BEARING ESTIMATION ERROR
• Because computing distance differences can be computationally intensive
several assumptions are made by the TRIPLOC system
• Measurements noise
• Asymptotic approximation
• Translation of bearing candidates
• The analysis of array position and orientation errors are purposefully omitted
• These assumptions are made instead
• The antenna configurations are known
• Transmitter location is known
• Relative bearings are known
MEASUREMENT NOISE ERROR
• Distance Differences can contain error in the form of
measurement error
• This error can come from non-ideal signal propagation,
noise from circuitry, sampling error, or other sources
• Estimating the amount of error in βhat is done by taking
the partial derivative with respect to distance
• To see what amplification effect an error in a given
distance difference d produces on the bearing
estimate, evaluate the partial derivative at d
• When the absolute value of the measured distance
difference is close to the antenna separation, the
computed bearing candidates are very sensitive to
measurement noise
ASYMPTOTE APPROXIMATION
• For a pair of transmitters the bearing of the
receiver is approximated with angles of the
asymptote of the receiver
• It is assumed that the receiver lies on the
hyperbolic asymptote, rather than on the
hyperbola itself
• For close receivers errors of this type are not
negligible
• This error is βhat minus β and is given the
symbol ε
• The error of the approximation decreases as
the distance of the receiver from the
transmitter array increases
TRANSLATION OF BEARING
CANDIDATES
• At least two transmitter anchors are needed
because for each transmitter pair there are two
possible βs
• Bearing candidates are treated as vectors from
the center of the hyperbola
• These vectors need their coordinates translated
from the hyperbolic to the system coordinates
• A vector translated this way will not point directly
at the bearing anymore but slightly off
• If the receiver is far enough away it won’t be off
enough to matter
COMPOUND BEARING
ESTIMATION ERROR
• Two transmitter pairs each report two bearing
candidates for a total of four bearing estimates
• Its likely only two should be close to each other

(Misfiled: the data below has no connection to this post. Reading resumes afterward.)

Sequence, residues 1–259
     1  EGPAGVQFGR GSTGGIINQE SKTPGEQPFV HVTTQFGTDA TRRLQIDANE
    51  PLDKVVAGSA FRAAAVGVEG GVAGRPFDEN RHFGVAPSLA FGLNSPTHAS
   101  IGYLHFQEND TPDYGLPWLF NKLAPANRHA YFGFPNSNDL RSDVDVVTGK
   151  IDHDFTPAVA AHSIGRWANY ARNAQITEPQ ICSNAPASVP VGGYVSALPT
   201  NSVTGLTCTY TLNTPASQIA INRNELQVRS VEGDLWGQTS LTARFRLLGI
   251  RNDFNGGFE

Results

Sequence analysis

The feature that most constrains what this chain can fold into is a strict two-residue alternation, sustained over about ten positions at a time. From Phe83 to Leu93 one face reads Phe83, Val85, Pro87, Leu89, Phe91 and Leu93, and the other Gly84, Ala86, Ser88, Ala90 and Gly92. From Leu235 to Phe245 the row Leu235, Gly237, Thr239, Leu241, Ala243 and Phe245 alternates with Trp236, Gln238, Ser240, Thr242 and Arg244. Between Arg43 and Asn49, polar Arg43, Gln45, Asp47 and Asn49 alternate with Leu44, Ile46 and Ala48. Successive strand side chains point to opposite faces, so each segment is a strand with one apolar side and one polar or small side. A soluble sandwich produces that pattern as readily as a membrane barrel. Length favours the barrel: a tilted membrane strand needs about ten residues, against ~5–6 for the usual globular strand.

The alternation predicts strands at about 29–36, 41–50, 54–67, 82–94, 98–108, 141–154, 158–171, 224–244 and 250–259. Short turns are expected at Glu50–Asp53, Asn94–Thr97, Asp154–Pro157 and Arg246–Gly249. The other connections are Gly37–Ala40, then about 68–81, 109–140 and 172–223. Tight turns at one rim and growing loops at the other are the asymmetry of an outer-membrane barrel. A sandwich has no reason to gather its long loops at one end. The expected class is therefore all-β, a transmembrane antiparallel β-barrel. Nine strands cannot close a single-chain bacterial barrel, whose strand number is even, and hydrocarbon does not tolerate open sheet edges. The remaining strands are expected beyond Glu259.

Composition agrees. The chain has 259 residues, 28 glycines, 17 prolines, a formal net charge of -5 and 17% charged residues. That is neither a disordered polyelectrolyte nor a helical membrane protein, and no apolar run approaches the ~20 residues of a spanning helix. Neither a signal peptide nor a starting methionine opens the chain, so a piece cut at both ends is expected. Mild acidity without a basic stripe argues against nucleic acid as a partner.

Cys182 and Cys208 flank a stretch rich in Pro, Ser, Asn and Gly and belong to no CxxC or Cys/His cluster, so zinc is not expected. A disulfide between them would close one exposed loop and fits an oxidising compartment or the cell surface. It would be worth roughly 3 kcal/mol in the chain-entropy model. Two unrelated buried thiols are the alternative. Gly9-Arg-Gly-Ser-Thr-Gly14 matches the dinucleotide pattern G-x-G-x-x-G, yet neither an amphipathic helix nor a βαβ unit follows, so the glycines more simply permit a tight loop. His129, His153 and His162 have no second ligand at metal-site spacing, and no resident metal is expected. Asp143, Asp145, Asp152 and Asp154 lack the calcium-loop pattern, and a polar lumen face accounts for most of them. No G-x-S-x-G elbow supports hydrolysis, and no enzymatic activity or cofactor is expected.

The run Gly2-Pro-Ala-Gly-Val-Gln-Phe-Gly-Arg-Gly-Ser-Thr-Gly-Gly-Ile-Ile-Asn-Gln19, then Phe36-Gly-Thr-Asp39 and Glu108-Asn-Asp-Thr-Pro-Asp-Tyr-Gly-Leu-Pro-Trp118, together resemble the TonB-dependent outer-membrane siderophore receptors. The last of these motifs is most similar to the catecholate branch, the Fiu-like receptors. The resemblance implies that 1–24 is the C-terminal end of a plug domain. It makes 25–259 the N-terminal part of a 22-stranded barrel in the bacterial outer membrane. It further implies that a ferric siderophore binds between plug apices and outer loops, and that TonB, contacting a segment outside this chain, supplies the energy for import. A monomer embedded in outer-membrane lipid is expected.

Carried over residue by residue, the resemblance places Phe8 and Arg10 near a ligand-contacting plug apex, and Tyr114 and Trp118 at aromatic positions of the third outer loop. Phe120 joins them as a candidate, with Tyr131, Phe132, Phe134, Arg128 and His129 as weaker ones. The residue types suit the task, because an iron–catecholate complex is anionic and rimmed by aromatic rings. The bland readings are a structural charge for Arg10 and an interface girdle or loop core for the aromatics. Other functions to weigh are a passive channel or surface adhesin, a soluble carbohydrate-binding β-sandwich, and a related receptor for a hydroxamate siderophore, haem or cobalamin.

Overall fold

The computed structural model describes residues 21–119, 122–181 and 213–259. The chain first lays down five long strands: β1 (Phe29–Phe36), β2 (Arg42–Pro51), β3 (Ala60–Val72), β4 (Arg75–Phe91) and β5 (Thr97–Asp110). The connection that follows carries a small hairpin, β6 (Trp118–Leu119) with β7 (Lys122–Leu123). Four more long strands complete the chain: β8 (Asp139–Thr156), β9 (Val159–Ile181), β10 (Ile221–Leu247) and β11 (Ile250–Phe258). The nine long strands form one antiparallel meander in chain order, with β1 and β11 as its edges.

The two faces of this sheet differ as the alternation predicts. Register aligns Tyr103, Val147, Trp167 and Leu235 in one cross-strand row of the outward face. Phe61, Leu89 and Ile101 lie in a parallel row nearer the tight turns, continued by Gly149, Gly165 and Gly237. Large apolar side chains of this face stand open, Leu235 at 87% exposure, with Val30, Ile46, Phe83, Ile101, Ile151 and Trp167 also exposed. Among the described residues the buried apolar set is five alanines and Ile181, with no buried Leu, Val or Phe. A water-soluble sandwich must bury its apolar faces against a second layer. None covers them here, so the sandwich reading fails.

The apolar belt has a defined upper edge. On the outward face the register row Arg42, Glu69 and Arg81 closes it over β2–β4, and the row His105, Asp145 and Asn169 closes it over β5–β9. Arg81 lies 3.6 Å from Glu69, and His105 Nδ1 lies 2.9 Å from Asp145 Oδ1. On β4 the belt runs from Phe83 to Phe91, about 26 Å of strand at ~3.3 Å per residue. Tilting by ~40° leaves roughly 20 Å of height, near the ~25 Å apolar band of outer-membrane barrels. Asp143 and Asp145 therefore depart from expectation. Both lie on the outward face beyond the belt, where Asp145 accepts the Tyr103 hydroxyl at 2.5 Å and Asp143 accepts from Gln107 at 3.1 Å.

(The correct ones)
• In order to figure out which ones they are all
possible pairs of one from each transmitter are
taken
• The pair with the least pairwise angular distance
is selected and the average is taken to give βhat
• In the diagram over 500 simulations are run with
an added Gaussian noise
• Errors peak where expected where the individual
transmitter pairs exhibit high error sensitivity
POSITION ESTIMATION ERROR
ANALYSIS
• Triangulation is used to compute the distance to the receiver from the
bearing measurement
• Simulation results are presented to demonstrate the effect of error from
different sources and reference real experiments
• Position error comes from three different sources:
• Position of the arrays
• Orientation of the arrays
• Bearing estimation error
POSITION ERROR OF THE ARRAYS
• T_2 is varied along the x axis and error is calculated for whether the
measurement of T_2 was off by .1, .2, or .3 m
ORIENTATION ERROR OF THE
ARRAYS
• To simulate orientation error a constant was added to the bearing reported
from T_2
• As expected R between the two Ts gives a large error estimate
BEARING ESTIMATION ERROR
• Assume location and orientation of the two antenna arrays are known
• Assume that the bearing estimates have added white noise in form of a
Gaussian random variable with σ being changed for each run
• Results suggest that as standard deviation of the bearing error is increased